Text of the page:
“I know that lots of magazines say that people who get eating disorders get them as a result of striving to be as thin/ beautiful as their favourite celebrity or model, and that’s a great story so I guess they wouldn’t want to change that. But it isn’t true. I didn’t get anorexia because I wanted to look like somebody else; sure, when you have the illness, being thin becomes incredibly important, but the only person I wanted to impress was myself. I didn’t ever fully trust the opinions of other people, and because I never felt like I had done enough to please my eating disorder I couldn’t stop what I was doing. I got anorexia because nobody ever noticed me and my whole life felt out of control. People did notice me when I got ill, but not in a good way.”

She is absolutely right. It is a great story for the media, and it may trigger (if coupled with other things) an eating disorder in somebody who is susceptible, but it isn’t true and most people see photos of skinny celebrities without developing a mental illness. Once again, I am reminded that my eating disorder is not about food. Food, exercise and my body just take my energy and stress away from the feelings and problems I can’t deal with.

“An eating disorder is not a diet gone wrong. In a diet, one sees a life outside of the weight loss efforts, but an eating disorder makes your whole life change. It is your life, you lose yourself as it takes priority again and again. The lack of understanding about these mental illnesses can be devastating for sufferers. Ignorance to their true causes  make people feel even more worthless and lonely than they already do.”



I feel more embarrassed about my bulimic behaviour than my anorexic ones, so tonight I just wanted to use my blog to be honest about what bulimia does to me.

When my eating disorder began it was purely anorexic. Eventually I had my first binge (during my first bout of therapy when I was trying to eat more, and I just couldn’t stop. I realised how much I had deprived myself of.)

This single experience made me more guilty than any, so I purged. Throwing up wasn’t enough, and so I stayed up to exercise for 4 hours that night. I chose to fast the next day, which ended with another binge, another purge, another night spent exercising.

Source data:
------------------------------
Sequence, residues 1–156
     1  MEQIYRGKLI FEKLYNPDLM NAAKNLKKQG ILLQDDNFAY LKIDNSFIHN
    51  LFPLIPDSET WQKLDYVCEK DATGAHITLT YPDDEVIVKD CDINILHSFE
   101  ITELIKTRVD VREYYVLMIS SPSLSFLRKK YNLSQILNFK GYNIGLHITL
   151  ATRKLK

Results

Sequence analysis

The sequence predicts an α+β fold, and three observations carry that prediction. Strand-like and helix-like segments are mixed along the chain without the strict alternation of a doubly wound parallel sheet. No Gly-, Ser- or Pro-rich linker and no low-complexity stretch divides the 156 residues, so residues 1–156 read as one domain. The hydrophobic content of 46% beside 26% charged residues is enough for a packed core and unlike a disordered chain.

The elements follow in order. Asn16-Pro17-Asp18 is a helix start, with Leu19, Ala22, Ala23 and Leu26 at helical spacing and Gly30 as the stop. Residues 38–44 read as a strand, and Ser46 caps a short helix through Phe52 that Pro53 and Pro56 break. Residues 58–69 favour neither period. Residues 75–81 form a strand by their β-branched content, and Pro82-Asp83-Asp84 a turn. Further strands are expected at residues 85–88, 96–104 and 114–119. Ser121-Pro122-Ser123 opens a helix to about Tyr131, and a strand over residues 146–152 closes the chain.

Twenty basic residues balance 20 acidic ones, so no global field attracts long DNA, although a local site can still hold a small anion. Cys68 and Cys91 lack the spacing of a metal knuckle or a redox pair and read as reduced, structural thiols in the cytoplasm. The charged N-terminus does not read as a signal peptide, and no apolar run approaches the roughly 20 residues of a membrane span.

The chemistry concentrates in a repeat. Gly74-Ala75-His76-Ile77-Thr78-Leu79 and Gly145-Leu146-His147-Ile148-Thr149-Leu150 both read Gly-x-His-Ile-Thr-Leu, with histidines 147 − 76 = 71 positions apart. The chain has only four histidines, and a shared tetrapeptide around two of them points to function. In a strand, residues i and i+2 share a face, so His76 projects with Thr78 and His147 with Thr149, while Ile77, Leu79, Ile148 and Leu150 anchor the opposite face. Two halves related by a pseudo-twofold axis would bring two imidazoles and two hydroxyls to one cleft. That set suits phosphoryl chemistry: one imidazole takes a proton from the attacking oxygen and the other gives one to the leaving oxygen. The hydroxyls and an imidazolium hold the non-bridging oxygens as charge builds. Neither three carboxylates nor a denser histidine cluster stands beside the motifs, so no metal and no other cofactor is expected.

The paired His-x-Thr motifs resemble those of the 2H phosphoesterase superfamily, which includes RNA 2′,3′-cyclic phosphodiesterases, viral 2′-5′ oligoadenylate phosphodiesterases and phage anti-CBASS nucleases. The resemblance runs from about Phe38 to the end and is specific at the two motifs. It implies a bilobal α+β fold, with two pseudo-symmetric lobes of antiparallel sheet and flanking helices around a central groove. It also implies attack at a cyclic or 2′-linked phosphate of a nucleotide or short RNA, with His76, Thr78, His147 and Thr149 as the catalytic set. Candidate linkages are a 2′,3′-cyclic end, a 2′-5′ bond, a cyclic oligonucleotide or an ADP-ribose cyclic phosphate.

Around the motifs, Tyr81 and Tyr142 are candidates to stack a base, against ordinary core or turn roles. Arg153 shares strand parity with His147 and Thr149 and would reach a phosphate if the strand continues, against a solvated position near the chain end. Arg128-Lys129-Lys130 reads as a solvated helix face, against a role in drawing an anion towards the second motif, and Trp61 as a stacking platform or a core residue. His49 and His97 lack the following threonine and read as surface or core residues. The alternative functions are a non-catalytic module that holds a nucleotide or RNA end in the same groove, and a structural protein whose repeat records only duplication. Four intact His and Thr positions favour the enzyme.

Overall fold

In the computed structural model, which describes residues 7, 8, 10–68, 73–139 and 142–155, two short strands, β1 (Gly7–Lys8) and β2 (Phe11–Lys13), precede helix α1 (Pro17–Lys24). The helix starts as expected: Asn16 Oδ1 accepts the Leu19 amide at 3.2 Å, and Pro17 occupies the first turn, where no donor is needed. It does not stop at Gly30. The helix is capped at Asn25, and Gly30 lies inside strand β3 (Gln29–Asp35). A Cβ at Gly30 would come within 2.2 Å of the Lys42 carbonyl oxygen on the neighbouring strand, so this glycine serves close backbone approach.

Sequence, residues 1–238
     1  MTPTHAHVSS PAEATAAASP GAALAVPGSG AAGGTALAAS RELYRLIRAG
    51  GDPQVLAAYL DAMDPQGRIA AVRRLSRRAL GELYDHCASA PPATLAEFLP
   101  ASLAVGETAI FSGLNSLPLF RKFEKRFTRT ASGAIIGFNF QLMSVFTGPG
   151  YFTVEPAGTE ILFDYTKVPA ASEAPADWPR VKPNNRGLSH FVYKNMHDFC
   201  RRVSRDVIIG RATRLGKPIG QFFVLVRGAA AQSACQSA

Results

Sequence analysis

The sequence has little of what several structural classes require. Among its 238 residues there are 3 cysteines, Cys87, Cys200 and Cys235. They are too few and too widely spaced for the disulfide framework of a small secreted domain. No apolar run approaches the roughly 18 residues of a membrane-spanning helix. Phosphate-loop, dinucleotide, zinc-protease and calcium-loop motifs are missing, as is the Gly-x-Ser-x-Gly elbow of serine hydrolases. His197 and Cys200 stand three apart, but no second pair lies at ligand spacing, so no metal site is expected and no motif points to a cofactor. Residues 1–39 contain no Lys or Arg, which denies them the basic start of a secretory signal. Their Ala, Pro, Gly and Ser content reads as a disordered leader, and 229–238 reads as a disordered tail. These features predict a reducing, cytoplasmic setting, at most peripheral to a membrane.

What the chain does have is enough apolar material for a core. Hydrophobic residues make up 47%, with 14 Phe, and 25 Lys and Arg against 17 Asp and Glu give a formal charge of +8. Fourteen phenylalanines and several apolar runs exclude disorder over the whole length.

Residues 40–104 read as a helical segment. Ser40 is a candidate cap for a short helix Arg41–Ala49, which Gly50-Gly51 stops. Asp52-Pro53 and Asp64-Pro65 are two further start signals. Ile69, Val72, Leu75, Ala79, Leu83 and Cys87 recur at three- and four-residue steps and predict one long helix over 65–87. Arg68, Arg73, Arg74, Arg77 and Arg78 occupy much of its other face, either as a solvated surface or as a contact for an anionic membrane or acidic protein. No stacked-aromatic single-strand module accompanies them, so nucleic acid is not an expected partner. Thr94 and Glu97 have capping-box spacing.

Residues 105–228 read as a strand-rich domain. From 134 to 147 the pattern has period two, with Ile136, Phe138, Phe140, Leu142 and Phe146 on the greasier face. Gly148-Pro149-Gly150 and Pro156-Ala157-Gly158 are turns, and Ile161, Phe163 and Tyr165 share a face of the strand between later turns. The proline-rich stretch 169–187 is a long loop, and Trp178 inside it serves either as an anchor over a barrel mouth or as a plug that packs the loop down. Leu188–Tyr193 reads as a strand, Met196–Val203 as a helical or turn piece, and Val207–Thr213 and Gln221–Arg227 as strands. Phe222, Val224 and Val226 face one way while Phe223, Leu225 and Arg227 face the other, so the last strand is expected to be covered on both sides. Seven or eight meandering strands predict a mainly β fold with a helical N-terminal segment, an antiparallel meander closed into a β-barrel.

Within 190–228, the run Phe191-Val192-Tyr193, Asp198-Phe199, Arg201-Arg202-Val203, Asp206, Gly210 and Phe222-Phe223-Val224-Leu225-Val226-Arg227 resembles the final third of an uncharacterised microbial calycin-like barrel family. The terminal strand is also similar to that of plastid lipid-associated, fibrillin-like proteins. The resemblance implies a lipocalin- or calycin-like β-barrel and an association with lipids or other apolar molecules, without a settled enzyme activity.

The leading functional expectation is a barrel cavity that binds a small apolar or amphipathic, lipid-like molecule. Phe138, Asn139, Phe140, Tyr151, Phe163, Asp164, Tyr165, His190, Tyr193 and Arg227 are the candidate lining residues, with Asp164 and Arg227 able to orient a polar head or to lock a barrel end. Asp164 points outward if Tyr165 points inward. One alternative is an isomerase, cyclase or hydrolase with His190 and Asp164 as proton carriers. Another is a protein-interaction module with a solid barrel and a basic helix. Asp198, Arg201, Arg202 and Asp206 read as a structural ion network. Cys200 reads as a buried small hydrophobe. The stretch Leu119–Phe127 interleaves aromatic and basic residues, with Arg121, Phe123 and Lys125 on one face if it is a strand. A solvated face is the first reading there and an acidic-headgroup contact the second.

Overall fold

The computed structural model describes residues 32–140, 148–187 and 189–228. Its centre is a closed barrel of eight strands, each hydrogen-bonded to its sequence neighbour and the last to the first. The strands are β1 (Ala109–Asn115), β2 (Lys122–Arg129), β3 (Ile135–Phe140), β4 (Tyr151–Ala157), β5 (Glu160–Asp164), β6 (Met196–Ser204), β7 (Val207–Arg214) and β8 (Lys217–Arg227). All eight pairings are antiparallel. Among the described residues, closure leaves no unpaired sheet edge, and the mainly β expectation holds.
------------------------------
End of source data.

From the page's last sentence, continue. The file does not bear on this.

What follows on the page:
Getting stuck in the binge/ purge cycle happened so quickly that I didn’t know what hit me.

My gag reflex is pretty crappy, and I often found I couldn’t be sick however hard I tried. Over exercising and laxatives then became my crux. I didn’t ever want to be sitting down during the day and literally moved as much as possible. I lived like this for months on end and have never felt more depressed and anxious.

Instead of admitting I had developed another eating disorder, I chose to stay in denial and be relived to have been discharged from treatment due to my returning to a healthy bmi.

Nowadays, my eating disorder is even more cemented, but thankfully the bulimia morphed itself back into anorexia. I know that isn’t really something to be pleased about, but when I have “anorexic binges” now (eating in a way that feels like binging, but does not amount to a binge amount or even a normal amount) I cannot cope with the emotional ups and downs. I would rather feel a bit down all the time than suffer the yo-yo and secrecy of bulimia.

Most people in my life know about my anorexia, so I don’t have to be so secret. My family know I am old enough to make my own decisions. They want me to get better, but they have given up arguing with me. In these circumstances I can be “openly” anorexic (although the ed still seems to make me lie from time to time), but not openly bulimic. Frankly, it just reinforces all the ed crap about feeling empty and perfect…

Doubting my disorder.. again.

As usual, I am pondering whether I even have an eating disorder. I just feel like I need to vent and reassure myself that I’m not just making a fuss about everything…

I perceive myself as disgusting and often feel like I just take up more room than everyone

I have a fear of weight gain. I always say I would rather die than be average or fat.

Every time I feel a strong emotion, my first thought is to control food, make food plans,(or occasionally to binge and obsessively exercise.)

I’m sleep either very lightly or I sleep constantly, often reaching a point of falling asleep as soon as I sit down when I get home.

I’m have an obsessive knowledge of nutritional content & love to talk about and cook it.

I have lost my periods due to my weight and lack of nutrition, and now they are random and light as I’m losing weight again.

I see everything as black and white.

I have panic attacks in the supermarket sometimes and avoid people seeing me buying or eating food.

Yeah.. I think that is a real problem. Cheers to the person who told me I was attention seeking earlier.

What would being recovered be like?